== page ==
Obama and China

This is an interesting month for US-China relations. January 1st was the thirtieth anniversary of formal relations between the two nations, celebrated with a variety of activities and various optimistic projections. Yet in a few days, Barack Obama will become the President of the United States, and some speculate he may provide more of a challenge to the status quo than his predecessor vis-a-vis China relations.

Most Chinese people, it seems, don’t yet have strong feelings about Obama one way or the other; in large part, their eventual impression will depend on the way his administration deals with China. The Christian Science Monitor reports that they may, then, have reason to be a bit concerned.

China’s concerns stem from positions that Barack Obama took during the presidential campaign, as well as from comments by some of his top foreign-policy advisers. Mr. Obama was critical of China’s monetary policy and called on China to stop manipulating its currency, the yuan. Some economists see that manipulation as an effort to keep down the price of China’s exports and to maintain growth in a shrinking global economy.

At the same time, China has watched as Obama has named some outspoken human rights defenders to top diplomatic posts. Susan Rice, Obama’s top foreign-policy adviser during the campaign and a fervent advocate of pressing China on its human rights record and on its influence in Africa, is Obama’s choice as ambassador to the United Nations.

But Obama has also promised to redouble American diplomatic efforts and to favor engagement over confrontation with partners and adversaries alike.

At best, it’s currently unclear exactly what Obama’s positions are. In 2007, for example, he called for a ban on all toys from China, but this kind of unyielding stand seems unlikely now that he is actually President, especially given his aforementioned pledge to “favor engagement over confrontation.”

Obama’s own campaign site has this to say about his Asia foreign policy:

Obama and Biden will forge a more effective framework in Asia that goes beyond bilateral agreements, occasional summits, and ad hoc arrangements, such as the six-party talks on North Korea. They will maintain strong ties with allies like Japan, South Korea and Australia; work to build an infrastructure with countries in East Asia that can promote stability and prosperity; and work to ensure that China plays by international rules.

The Obama-Biden campaign also released a more detailed paper called “Barack Obama’s Plan to Actively Engage China”. Two sections, in particular, might seem ominous to the Chinese government and its supporters:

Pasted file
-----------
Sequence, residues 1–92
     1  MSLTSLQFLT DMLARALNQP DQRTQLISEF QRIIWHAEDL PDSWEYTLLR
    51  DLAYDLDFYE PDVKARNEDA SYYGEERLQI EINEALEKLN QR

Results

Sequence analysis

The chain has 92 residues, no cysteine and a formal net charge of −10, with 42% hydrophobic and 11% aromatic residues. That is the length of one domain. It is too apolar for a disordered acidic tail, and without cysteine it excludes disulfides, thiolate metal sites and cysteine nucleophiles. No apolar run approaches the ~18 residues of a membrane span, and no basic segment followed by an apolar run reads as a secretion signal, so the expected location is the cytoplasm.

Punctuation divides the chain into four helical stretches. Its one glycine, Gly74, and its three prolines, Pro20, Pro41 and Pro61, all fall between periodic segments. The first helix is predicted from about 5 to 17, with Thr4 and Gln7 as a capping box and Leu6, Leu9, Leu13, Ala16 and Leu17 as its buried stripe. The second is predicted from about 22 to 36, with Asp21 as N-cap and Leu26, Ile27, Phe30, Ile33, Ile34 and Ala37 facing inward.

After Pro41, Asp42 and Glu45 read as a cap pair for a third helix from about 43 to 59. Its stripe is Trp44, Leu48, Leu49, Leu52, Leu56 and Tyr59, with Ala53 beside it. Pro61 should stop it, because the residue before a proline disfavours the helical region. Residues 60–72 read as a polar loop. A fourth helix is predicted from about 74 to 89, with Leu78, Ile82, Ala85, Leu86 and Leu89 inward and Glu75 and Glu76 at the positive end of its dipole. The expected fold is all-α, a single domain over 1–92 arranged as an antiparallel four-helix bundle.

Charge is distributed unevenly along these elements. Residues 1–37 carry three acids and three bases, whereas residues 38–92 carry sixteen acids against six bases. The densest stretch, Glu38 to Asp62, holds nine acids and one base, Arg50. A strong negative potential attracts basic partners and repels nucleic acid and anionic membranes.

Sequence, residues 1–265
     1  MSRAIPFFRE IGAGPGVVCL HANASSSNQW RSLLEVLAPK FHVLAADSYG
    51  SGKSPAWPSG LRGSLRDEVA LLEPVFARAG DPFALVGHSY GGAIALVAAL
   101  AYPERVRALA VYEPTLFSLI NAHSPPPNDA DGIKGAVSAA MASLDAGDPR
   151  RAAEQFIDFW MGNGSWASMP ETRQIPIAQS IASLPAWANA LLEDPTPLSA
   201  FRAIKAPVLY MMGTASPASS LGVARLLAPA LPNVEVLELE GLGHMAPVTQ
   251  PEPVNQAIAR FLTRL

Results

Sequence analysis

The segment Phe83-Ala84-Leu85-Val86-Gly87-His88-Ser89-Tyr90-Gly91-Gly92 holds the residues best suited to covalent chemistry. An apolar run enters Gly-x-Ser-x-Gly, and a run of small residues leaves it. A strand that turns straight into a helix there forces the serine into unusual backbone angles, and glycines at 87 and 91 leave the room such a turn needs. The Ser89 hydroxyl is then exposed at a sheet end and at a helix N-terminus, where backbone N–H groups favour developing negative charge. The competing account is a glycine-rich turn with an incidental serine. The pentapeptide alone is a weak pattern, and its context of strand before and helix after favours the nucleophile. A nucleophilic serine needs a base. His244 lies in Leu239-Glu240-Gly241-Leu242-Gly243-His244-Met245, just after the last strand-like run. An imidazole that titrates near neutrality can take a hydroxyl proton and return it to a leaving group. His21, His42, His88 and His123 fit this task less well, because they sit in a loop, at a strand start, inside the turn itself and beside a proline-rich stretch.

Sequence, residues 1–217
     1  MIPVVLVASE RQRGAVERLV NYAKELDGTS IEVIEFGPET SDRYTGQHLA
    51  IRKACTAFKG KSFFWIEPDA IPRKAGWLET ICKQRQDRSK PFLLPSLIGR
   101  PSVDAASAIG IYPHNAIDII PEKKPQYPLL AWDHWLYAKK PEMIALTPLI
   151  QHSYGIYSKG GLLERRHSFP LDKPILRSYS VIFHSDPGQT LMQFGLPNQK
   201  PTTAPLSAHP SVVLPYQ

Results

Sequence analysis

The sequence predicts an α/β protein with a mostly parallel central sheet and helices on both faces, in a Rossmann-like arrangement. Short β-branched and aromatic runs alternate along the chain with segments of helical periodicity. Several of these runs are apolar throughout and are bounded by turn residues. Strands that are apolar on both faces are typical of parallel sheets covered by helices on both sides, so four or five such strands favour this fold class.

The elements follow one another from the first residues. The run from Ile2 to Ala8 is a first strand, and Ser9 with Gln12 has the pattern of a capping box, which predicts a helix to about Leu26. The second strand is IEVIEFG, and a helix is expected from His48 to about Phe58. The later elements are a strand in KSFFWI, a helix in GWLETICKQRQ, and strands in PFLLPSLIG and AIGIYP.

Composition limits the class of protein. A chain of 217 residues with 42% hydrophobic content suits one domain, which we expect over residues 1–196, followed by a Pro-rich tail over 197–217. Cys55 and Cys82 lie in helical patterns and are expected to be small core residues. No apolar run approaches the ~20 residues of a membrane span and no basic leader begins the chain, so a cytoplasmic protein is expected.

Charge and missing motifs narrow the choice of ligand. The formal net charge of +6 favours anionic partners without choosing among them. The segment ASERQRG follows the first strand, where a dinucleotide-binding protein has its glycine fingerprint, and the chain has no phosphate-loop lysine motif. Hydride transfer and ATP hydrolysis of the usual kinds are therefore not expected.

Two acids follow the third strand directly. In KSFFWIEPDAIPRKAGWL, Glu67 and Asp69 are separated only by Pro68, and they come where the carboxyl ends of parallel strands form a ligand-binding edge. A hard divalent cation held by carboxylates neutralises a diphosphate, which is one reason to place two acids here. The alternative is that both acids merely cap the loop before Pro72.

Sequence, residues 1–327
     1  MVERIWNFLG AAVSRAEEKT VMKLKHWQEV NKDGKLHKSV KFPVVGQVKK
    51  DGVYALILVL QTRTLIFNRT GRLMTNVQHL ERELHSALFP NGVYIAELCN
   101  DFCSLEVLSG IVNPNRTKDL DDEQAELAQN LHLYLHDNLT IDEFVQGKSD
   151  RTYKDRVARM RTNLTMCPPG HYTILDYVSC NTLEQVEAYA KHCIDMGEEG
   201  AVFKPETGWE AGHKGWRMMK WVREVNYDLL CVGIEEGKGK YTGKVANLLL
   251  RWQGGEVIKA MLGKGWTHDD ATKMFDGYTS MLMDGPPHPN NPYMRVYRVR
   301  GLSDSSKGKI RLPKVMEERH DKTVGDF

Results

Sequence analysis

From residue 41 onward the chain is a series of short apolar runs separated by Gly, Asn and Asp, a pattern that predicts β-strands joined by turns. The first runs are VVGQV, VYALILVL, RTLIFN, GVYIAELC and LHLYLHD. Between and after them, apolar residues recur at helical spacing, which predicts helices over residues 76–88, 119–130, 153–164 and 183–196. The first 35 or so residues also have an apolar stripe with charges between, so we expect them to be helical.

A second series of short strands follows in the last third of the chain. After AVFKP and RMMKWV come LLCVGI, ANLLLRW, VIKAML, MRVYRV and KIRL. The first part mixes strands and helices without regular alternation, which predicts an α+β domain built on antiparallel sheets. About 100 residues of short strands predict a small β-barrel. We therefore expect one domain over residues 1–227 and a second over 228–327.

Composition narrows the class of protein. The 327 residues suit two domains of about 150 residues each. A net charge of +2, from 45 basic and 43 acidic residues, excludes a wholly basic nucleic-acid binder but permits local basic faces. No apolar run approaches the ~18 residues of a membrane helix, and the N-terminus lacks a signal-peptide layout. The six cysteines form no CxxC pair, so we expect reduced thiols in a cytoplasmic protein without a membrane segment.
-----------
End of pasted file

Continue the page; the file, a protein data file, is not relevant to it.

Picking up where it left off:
End Chinese Support for Genocidal and Repressive Regimes: In Sudan, China is supporting one of the most reprehensible regimes in the world. Barack Obama and Joe Biden believe that we must use all available tools to demand that China use its influence to prevent Sudan and other regimes from acting contrary to international law and peace and security. China’s support for such regimes runs counter to the interests of the people of those countries, to the interests of the international community, and to China’s longer-term interest in being seen as a leader and responsible international actor. Barack Obama and Joe Biden will press China to end its support for regimes in Sudan, Burma, Iran and Zimbabwe.

Press China to Live Up to Human Rights Standards: From Tibet to cracking down on democracy and religious freedom activists, China has failed to live up to international standards of human rights. Barack Obama and Joe Biden believe the United States has to be frank with the Chinese about such failings and will press them to respect human rights.

Of course, only time will tell what President Obama will do for US-China relations. In the meantime, though there are reasons to be nervous, Beijing’s official tone remains decidedly optimistic.

In the meantime, stay tuned for Obama’s inauguration speech, which is sure to be interesting (if not, perhaps, China-relevant). For those in China, the speech will occur at 12:30 A.M. Wednesday, January 21, 2009. CNN.com had a live stream of his election night speech online that worked in China, and will likely also broadcast Tuesday night’s speech online.

UPDATE: The Carnegie Endowment for International Peace has some ideas on how Obama and China can avoid mutual misunderstanding.

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